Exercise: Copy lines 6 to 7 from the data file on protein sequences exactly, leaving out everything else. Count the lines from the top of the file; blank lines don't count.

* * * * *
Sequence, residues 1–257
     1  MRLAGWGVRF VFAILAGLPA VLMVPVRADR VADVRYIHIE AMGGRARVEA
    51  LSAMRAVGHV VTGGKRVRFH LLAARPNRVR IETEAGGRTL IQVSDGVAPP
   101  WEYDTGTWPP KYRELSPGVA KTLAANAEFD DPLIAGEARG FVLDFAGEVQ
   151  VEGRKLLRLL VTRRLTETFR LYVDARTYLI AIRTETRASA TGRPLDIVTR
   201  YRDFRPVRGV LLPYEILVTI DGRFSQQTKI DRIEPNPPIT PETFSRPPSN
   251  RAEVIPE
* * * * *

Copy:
   201  YRDFRPVRGV LLPYEILVTI DGRFSQQTKI DRIEPNPPIT PETFSRPPSN
   251  RAEVIPE